Unit Assessment Items System Resources Other Resources

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Unit Assessment Items that have been published by your district may be accessed through Search All Components in the District Resources tab. Assessment items may also be found using the Assessment Center if your district has granted access to that tool.

System Resources may be accessed through Search All Components in the District Resources Tab.

Texas Higher Education Coordinating Board – Texas College and Career Readiness Standards

Texas Education Agency – Texas Response to Curriculum Focal Points for K-8 Mathematics Revised 2013

Texas Education Agency – Mathematics Curriculum

Texas Education Agency – STAAR Mathematics Resources

Texas Education Agency Texas Gateway – Revised Mathematics TEKS: Vertical Alignment Charts

Texas Education Agency Texas Gateway – Mathematics TEKS: Supporting Information

Texas Education Agency Texas Gateway – Interactive Mathematics Glossary

Texas Education Agency Texas Gateway – Resources Aligned to Grade 4 Mathematics TEKS

TAUGHT DIRECTLY TEKS

TEKS intended to be explicitly taught in this unit.

TEKS/SE Legend:

• Knowledge and Skills Statements (TEKS) identified by TEA are in italicized, bolded, black text.
• Student Expectations (TEKS) identified by TEA are in bolded, black text.
• Student Expectations (TEKS) are labeled Readiness as identified by TEA of the assessed curriculum.
• Student Expectations (TEKS) are labeled Supporting as identified by TEA of the assessed curriculum.
• Student Expectations (TEKS) are labeled Process standards as identified by TEA of the assessed curriculum.
• Portions of the Student Expectations (TEKS) that are not included in this unit but are taught in previous or future units are indicated by a strike-through.

Specificity Legend:

• Supporting information / clarifications (specificity) written by TEKS Resource System are in blue text.
• Unit-specific clarifications are in italicized, blue text.
• Information from Texas Education Agency (TEA), Texas College and Career Readiness Standards (TxCCRS), Texas Response to Curriculum Focal Points (TxRCFP) is labeled.
TEKS# SE# TEKS SPECIFICITY
4.1 Mathematical process standards. The student uses mathematical processes to acquire and demonstrate mathematical understanding. The student is expected to:
4.1A Apply mathematics to problems arising in everyday life, society, and the workplace.
Process Standard

Apply

MATHEMATICS TO PROBLEMS ARISING IN EVERYDAY LIFE, SOCIETY, AND THE WORKPLACE

Including, but not limited to:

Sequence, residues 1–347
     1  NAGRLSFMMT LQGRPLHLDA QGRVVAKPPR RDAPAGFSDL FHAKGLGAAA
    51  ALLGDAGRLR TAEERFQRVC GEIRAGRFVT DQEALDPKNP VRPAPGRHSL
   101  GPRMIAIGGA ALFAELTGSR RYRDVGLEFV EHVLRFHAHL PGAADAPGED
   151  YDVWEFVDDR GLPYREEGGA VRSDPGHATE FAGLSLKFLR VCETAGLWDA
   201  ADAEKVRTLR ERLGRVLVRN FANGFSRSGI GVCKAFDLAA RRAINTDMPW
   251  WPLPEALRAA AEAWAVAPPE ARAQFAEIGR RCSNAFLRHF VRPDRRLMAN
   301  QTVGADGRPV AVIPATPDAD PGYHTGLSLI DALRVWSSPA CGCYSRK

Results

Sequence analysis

• Mathematical problem situations within and between disciplines
• Everyday life
• Society
• Workplace

Note(s):

• The mathematical process standards may be applied to all content standards as appropriate.
• TxRCFP:
• Developing fluency with efficient use of the four arithmetic operations on whole numbers and using this knowledge to solve problems
• Measuring angles
• Understanding decimals and addition and subtraction of decimals
• Building foundations for addition and subtraction of fractions
• TxCCRS:
• VII.D. Problem Solving and Reasoning – Real-world problem solving
• VII.D.1. Interpret results of the mathematical problem in terms of the original real-world situation.
• IX.A. Connections – Connections among the strands of mathematics
• IX.A.1. Connect and use multiple key concepts of mathematics in situations and problems.
• IX.A.2. Connect mathematics to the study of other disciplines.
• IX.B. Connections – Connections of mathematics to nature, real-world situations, and everyday life
• IX.B.1. Use multiple representations to demonstrate links between mathematical and real-world situations.
• IX.B.2. Understand and use appropriate mathematical models in the natural, physical, and social sciences.
• IX.B.3. Know and understand the use of mathematics in a variety of careers and professions.
4.1B Use a problem-solving model that incorporates analyzing given information, formulating a plan or strategy, determining a solution, justifying the solution, and evaluating the problem-solving process and the reasonableness of the solution.
Process Standard

Use

A PROBLEM-SOLVING MODEL THAT INCORPORATES ANALYZING GIVEN INFORMATION, FORMULATING A PLAN OR STRATEGY, DETERMINING A SOLUTION, JUSTIFYING THE SOLUTION, AND EVALUATING THE PROBLEM-SOLVING PROCESS AND THE REASONABLENESS OF THE SOLUTION

Including, but not limited to:

• Problem-solving model
• Analyze given information
• Formulate a plan or strategy